National Press Club

Baseball's Woeful Nationals Poised to Contend, Kasten Says

June 26, 2009 | By Bill Miller |

captions in here

Despite its 20-49 won-loss record -- worst by far in the major leagues -- the Washington Nationals baseball team is “not far from just being competitive, but contending” for a championship, its president, Stan Kasten, told a Club Luncheon Thursday.

“I continue to be optimistic about where we’re headed,” said the Nationals’ top executive, who echoed the rosy remarks he made in a previous NPC Luncheon appearance soon after taking his job three years ago. “We are on course.”

That course, he said, “is to develop young pitching.”

Rather than acquiring pitchers through trades or free agency, he explained, the team is emphasizing “home-grown” talent through a beefed-up farm system. He said the strategy is paying off; four members of the team’s current five-man starting rotation are rookies. “And three are only 22 years old.”

Another crop of promising young players in the minor leagues “is right behind” this group, Kasten said. Out of this mix, he said, the team expects to find three solid starters -- perhaps more – who will be the nucleus of the team for several years and around which it can “fill in the other parts” through trades and signing free agents.

Kasten said that the Nationals’ current rotation “is really close” to excelling. But he warned that it takes time for young pitchers to develop.

He likened the Nationals’ situation to that of the Atlanta Braves in the late 1980s, an oft-losing team that, also in his role as president, he fashioned into perennial National League champions. He recalled that young pitchers on those Braves teams – Greg Maddox, Tom Glavine and John Smoltz -- struggled early but went on to careers that likely will lead them to baseball’s Hall of Fame.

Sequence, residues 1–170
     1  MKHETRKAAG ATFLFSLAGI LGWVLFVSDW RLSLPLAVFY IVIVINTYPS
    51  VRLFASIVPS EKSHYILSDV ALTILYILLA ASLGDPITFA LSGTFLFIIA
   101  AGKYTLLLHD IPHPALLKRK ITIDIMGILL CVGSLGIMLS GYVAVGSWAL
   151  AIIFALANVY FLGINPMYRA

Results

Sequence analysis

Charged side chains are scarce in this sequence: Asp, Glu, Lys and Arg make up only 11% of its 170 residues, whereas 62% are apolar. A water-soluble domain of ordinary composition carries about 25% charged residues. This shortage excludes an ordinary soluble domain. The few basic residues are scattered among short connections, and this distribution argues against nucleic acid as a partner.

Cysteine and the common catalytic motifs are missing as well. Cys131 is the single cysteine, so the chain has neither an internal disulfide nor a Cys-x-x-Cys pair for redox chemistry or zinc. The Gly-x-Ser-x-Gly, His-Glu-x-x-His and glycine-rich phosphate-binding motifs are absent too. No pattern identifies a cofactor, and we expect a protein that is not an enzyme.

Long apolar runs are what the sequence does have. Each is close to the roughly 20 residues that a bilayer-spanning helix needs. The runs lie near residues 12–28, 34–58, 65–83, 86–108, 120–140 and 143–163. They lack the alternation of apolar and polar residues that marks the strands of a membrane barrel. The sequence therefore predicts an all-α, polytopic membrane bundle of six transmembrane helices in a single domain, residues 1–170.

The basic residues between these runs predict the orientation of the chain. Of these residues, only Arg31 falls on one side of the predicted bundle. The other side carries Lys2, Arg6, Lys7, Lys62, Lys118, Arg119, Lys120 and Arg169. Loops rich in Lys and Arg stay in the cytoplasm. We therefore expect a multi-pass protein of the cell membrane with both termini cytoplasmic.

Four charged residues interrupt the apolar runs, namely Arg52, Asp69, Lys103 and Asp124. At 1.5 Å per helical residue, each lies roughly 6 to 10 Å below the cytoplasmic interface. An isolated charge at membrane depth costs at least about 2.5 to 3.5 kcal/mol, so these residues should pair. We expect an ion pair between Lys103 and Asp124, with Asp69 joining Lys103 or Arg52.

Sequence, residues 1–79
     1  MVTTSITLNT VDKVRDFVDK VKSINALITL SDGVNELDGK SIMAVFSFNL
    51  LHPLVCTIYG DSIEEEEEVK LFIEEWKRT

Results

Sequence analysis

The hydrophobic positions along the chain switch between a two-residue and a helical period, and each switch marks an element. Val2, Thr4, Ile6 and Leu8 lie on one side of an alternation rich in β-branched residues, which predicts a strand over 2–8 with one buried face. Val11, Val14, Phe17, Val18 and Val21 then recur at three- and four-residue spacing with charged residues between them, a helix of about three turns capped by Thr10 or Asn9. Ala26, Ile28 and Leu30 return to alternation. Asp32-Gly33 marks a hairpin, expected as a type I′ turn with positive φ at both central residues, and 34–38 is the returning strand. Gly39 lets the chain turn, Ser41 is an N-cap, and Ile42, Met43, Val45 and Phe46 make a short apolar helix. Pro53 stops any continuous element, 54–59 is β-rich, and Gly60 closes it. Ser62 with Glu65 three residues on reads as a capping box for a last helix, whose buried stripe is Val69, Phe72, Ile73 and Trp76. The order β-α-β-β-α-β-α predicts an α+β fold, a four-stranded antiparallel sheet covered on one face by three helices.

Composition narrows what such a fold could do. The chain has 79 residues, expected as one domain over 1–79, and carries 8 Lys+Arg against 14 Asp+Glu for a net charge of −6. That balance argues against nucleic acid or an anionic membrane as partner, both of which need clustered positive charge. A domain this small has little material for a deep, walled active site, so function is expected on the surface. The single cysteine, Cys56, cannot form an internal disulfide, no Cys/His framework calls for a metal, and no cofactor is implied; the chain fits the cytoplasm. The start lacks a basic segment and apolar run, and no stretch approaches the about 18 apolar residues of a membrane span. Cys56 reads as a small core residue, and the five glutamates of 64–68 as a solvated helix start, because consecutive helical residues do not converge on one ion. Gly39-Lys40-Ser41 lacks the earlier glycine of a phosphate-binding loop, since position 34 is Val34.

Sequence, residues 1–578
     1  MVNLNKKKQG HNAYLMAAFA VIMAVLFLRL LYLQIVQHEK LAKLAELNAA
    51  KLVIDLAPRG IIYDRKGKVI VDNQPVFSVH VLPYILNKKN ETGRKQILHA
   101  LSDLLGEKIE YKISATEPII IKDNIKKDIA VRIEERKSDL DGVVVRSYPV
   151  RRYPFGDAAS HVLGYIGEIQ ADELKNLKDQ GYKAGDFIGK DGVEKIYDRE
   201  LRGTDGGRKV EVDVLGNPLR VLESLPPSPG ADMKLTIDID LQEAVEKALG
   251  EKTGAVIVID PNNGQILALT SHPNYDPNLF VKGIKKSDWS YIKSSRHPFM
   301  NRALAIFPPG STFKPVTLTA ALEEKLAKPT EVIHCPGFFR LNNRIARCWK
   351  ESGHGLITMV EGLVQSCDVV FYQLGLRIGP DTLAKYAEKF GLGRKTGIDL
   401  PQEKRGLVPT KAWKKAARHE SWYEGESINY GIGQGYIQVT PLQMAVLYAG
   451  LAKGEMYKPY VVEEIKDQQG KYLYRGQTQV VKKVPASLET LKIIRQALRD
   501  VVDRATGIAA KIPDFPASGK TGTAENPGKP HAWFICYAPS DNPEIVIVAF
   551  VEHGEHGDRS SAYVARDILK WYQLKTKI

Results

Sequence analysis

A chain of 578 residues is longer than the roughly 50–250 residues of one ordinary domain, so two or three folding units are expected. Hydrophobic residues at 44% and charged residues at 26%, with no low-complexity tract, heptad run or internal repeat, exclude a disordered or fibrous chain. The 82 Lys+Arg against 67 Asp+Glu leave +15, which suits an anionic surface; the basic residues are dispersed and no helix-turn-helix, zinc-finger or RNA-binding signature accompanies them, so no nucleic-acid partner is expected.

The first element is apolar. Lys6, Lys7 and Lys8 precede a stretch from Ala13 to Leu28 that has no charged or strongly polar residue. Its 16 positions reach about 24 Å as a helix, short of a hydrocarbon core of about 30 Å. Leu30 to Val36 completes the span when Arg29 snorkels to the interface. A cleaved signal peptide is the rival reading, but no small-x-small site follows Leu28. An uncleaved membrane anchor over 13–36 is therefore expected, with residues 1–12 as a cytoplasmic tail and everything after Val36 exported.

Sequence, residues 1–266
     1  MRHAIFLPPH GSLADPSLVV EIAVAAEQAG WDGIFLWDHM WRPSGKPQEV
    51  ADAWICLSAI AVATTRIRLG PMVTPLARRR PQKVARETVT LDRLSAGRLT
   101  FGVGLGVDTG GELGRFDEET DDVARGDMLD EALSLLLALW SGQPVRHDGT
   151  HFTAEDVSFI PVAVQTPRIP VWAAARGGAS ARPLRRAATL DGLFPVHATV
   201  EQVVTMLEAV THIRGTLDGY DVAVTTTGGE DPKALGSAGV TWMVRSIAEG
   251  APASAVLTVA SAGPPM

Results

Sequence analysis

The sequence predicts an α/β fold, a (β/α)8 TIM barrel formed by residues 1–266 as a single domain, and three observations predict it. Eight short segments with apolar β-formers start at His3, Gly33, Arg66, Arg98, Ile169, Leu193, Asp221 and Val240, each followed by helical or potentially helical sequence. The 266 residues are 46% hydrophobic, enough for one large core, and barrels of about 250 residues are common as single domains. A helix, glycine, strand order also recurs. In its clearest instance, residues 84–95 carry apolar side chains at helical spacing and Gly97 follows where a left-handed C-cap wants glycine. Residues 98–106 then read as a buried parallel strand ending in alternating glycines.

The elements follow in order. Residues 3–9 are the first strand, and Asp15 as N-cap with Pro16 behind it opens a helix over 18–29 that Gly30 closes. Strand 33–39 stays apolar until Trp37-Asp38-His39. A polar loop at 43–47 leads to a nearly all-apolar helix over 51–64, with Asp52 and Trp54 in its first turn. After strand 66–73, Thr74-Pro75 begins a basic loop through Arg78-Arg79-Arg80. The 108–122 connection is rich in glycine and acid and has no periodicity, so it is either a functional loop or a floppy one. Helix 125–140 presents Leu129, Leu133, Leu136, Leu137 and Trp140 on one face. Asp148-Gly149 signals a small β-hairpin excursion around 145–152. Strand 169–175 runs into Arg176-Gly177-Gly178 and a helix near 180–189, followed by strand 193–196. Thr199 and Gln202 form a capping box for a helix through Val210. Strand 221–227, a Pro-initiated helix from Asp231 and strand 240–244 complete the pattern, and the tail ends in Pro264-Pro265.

Despite his success at Atlanta and his confidence in the Nationals’ future, Kasten acknowledged that “right now, I’m [regarded as] the village idiot.”

Along with his update on the team’s on-field performance, Kasten described the Nationals’ efforts to improve the “customer experience” at its year-old, state-of-the-art stadium. He said the club is working hard to improve its food offerings and to improve friendliness of ushers. Kasten also emphasized the club’s community relations efforts, which focus on programs to reach out to youth.

On other topics, Kasten said:

  • He is a big fan of beleaguered Nationals manager Manny Acta, who is rumored to be on the firing block. Acta “has the potential to be a long-term manager here. That’s my hope.
  • Recently drafted San Diego State University pitcher Stephen Strasberg, one of the most heralded collegiate pitchers ever, “will be a great addition to our current crop” of young pitchers.
  • It is a “cheap headline” to accuse the Lerner family, owner of the Nationals, of stinting on spending money on the team by restricting its payroll. “No one is more competitive than the Lerner family.”
  • Season ticket sales are down from last year because of the traditional dip in attendance in the second season of a new stadium, the team’s losing record and the poor economy.
  • The steroid era in baseball “is largely behind us … we’ve gotten a handle on it.”